Elvis Presley

    Artist: Elvis Presley

    Album: Elvis Presley

    Photographer: William V. 'Rd' Robertson

    The album that changed everything, and a photograph that captured Elvis on the cusp of greatness. It doesn't come much cooler than that. The photograph was taken at the Fort Homer Hesterly Armory in Tampa, Florida, on July 31, 1955, with Elvis aged just 20. He was towards the bottom of the bill, but he wouldn't be there for long as this album, and the accompanying cover - arguably the world's first tangible image of a rock 'n' roll star - propelled him to immortality.

  • The Freewheelin' Bob Dylan

    The Freewheelin' Bob Dylan

    Artist: Bob Dylan Album: The Freewheelin' Bob… More details

    The Freewheelin' Bob Dylan

    The Freewheelin' Bob Dylan

    Artist: Bob Dylan

    Album: The Freewheelin' Bob Dylan

    Photographer: Don Hunstein

    A cover where less is more, and is all the cooler for it. A casual photograph of Dylan with his then-muse Suze Rotolo, taken in the West Village, New York City, it was unusual at the time for being unstaged and unposed. Critic Janet Maslin described it perfectly as "a photograph that inspired countless young men to hunch their shoulders, look distant, and let the girl do the clinging".

  • Music for the Jilted Generation

    Music for the Jilted Genera…

    Artist: The Prodigy Album: Music for the Jilted… More details

    Music for the Jilted Generation

    Music for the Jilted Generation

    Artist: The Prodigy

    Album: Music for the Jilted Generation

    Designer: Stuart Haygarth

    A record of ferocious power, attitude and force and, truly, a cover to match, a metallic howl of anger addressing the Jilted Generation which Prodigy so successfully reached. A brilliant and iconic cover.

  • The Score

    The Score

    Artist: The Fugees Album: The Score Designer: Brain/Richard… More details

    The Score

    The Score

    Artist: The Fugees

    Album: The Score

    Designer: Brain/Richard O. White/Marc Baptiste

    One of the coolest hip-hop collectives of all time, at the peak of their powers, this seminal record also boasted an effortlessly cool cover, all three contributing members - Wyclef Jean, Pras Michel and Lauryn Hill - pictured individually, but together, for a sleeve with a cinematic feel; appropriate for an album that Hill described as 'an audio film'.

  • The Velvet Underground & Nico

    The Velvet Underground & Nico

    Artist: The Velvet Underground & Nico Album: The Velvet… More details

    The Velvet Underground & Nico

    The Velvet Underground & Nico

    Artist: The Velvet Underground & Nico

    Album: The Velvet Underground & Nico

    Designer: Andy Warhol

    It helped that the album itself would become a cult classic and hugely influential, but that Andy Warhol banana print could have been the cover of Jedward's debut album and still been considered an iconic sleeve image. Early copies of the album had the invitation to "Peel slowly and see" enabling the owner to peel back the banana skin to reveal a flesh-coloured banana underneath. Fruity indeed.

  • The Stone Roses

    The Stone Roses

    Artist: The Stone Roses Album: The Stone Roses Designer:… More details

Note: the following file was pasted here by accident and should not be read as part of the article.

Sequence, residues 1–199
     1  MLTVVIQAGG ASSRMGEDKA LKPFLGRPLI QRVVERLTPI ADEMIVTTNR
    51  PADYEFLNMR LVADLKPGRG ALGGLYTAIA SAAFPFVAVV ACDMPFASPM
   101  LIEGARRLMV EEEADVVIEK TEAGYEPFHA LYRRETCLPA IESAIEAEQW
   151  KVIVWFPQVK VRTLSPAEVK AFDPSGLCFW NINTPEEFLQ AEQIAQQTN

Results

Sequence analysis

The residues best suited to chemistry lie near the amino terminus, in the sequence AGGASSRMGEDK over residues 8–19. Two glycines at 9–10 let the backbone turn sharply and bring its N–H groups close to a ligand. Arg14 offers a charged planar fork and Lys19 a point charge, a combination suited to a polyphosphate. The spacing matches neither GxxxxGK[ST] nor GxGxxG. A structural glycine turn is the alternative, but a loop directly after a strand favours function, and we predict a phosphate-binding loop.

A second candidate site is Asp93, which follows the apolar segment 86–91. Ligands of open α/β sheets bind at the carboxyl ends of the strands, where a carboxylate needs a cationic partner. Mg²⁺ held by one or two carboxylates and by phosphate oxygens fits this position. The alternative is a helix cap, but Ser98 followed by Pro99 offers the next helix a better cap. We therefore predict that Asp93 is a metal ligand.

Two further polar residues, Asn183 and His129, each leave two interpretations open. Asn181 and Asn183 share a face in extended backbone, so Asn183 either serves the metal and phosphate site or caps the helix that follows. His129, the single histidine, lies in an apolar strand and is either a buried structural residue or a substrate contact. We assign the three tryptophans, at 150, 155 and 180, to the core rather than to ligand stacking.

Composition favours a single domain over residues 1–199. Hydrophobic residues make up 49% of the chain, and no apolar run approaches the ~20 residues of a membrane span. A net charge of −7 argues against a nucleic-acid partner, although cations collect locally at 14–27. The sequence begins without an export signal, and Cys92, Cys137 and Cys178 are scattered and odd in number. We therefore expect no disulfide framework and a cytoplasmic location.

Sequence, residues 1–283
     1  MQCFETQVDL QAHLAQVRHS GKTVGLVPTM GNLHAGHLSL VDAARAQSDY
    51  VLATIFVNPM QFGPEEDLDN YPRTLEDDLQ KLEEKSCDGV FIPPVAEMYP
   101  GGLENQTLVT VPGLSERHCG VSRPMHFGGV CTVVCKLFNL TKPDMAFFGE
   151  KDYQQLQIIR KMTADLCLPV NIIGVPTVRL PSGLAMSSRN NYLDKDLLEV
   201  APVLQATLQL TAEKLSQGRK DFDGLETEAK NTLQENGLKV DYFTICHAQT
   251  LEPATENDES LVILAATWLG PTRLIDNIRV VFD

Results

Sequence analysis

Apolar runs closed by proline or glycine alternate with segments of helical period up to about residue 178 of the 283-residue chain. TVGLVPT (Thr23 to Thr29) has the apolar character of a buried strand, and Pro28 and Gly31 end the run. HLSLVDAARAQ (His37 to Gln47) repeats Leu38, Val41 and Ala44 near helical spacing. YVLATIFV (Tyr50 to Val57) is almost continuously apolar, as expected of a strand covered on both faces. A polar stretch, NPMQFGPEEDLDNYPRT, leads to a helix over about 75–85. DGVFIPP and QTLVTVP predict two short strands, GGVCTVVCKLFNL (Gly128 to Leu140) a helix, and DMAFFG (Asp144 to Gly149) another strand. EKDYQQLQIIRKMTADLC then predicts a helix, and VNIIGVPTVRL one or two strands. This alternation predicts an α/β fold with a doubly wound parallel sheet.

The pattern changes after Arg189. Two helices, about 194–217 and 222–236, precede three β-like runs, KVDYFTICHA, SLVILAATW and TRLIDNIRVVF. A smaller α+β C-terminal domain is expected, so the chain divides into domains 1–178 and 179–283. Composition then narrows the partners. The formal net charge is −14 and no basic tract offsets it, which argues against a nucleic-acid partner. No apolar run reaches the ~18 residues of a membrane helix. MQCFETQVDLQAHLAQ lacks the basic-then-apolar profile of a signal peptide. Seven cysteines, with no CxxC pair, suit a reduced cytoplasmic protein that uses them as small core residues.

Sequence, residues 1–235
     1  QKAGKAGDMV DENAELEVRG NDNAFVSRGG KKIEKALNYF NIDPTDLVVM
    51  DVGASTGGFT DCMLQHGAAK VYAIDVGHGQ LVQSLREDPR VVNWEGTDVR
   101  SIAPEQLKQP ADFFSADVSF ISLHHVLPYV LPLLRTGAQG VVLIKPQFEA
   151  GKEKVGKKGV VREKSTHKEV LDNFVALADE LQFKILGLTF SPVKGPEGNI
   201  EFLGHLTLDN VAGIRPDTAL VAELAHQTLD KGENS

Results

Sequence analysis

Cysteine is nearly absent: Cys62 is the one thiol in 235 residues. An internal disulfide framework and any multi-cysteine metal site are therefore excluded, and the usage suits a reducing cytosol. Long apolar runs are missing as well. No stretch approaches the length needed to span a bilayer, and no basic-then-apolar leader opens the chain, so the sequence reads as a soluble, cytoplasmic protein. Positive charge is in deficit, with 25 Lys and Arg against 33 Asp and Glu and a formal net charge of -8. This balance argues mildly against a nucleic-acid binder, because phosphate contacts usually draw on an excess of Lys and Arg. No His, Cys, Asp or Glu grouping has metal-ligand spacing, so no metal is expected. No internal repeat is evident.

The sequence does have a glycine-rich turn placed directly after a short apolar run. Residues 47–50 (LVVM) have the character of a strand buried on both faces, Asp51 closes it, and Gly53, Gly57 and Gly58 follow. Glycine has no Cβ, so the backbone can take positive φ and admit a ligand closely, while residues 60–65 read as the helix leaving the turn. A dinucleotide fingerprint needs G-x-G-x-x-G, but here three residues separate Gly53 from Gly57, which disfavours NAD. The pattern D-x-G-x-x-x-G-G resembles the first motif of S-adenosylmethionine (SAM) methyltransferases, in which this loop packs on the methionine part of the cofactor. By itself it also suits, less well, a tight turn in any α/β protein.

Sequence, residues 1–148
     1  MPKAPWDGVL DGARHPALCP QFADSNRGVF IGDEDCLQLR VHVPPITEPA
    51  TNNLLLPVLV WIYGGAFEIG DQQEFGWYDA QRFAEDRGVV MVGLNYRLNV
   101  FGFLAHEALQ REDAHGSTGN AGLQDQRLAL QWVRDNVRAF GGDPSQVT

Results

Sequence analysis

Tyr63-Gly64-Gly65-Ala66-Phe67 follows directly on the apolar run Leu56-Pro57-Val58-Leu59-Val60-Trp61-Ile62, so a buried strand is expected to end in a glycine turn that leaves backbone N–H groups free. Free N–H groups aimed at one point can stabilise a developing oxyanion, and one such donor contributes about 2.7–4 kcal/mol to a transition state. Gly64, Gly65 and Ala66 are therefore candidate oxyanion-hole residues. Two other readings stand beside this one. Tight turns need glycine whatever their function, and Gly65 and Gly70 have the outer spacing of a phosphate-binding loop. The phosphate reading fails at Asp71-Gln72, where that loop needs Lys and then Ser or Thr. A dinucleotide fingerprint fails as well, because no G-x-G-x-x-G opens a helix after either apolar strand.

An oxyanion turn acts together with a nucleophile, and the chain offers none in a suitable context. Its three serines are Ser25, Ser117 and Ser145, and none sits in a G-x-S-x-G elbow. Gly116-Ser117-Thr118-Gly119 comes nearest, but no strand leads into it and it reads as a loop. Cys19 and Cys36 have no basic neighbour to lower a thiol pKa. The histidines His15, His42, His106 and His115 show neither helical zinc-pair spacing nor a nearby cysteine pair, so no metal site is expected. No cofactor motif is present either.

The Stone Roses

    The Stone Roses

    Artist: The Stone Roses

    Album: The Stone Roses

    Designer: John Squire

    This iconic artwork was created by John Squire, a man hugely influenced by influential abstract expressionist painter Jackson Pollock (so much so that he was also referenced in the lyrics to earlier song Going Down). Entitled Bye, Bye Badman (also the name of a song on the album), the piece referred to the May 1968 Parisian Riots - hence the coloured daubings of the French tricolore on the left (the lemons were a nod to the fact that they could be used as an antidote to tear gas). An image which has adorned countless students' bedroom walls, and is still amazingly cool today.

  • Endtroducing

    Endtroducing

    Artist: DJ Shadow Album: Endtroducing Designer:… More details

    Endtroducing

    Endtroducing

    Artist: DJ Shadow

    Album: Endtroducing

    Designer: Unknown

    Simple but elegant, this photograph of Solesides (a collective of which DJ Shadow was part) members Chief Xcel and Lyrics Born was taken at a record shop in Sacramento, California, doing what they do best: digging through records to find something exciting, or interesting, or rare, or new. A simple pleasure that sadly will probably be gone in a few years time when the last of the record shops close, but which Shadow understood entirely.

  • The Man-Machine

    The Man-Machine

    Artist: Kraftwerk Album: The Man-Machine Designer: Karl… More details

    The Man-Machine

    The Man-Machine

    Artist: Kraftwerk

    Album: The Man-Machine

    Designer: Karl Klefisch/Günther Fröhling

    The defining image of the German electronic pioneers - this perfectly captures the essence of Kraftwerk. Inspired by the 1930s Modernist movement, particularly El Lissitzky, the strict red and black colour scheme, arrangement of the band members in quasi-robotic fashion and translation of the title into various languages all adds up to a seriously cool album cover. Sehr guht, sehr cool.

  • Ladies and Gentlemen We Are Floating in Space

    Ladies and Gentlemen We Are…

    Artist: Spiritualized Album: Ladies and Gentlemen We Are… More details

    Ladies and Gentlemen We Are Floating in Space

    Ladies and Gentlemen We Are Floating in Space

    Artist: Spiritualized

    Album: Ladies and Gentlemen We Are Floating in Space

    Designer: Mark Farrow

    Pet Shop Boys' collaborator Mark Farrow once again produced the goods on this uber-cool cover for Spiritualized's opus, designed to look like prescription medication. It had a recommended dosage = "one tablet, 70 minutes" - and was thoroughly appropriate given the epic, transcendental music contained within. Box set editions of the record took the concept further, with each track on its own three-inch CD inside a foil blister pack. Special instructions for use were included, with the question "What is Spiritualized used for?" being answered: "Spiritualized is used to treat the heart and soul.". So, so cool.

Tags: Music, Art, Design

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Is 'Fancy' an acceptable Song of the Summer?

Is 'Fancy' an acceptable Song of the Summer?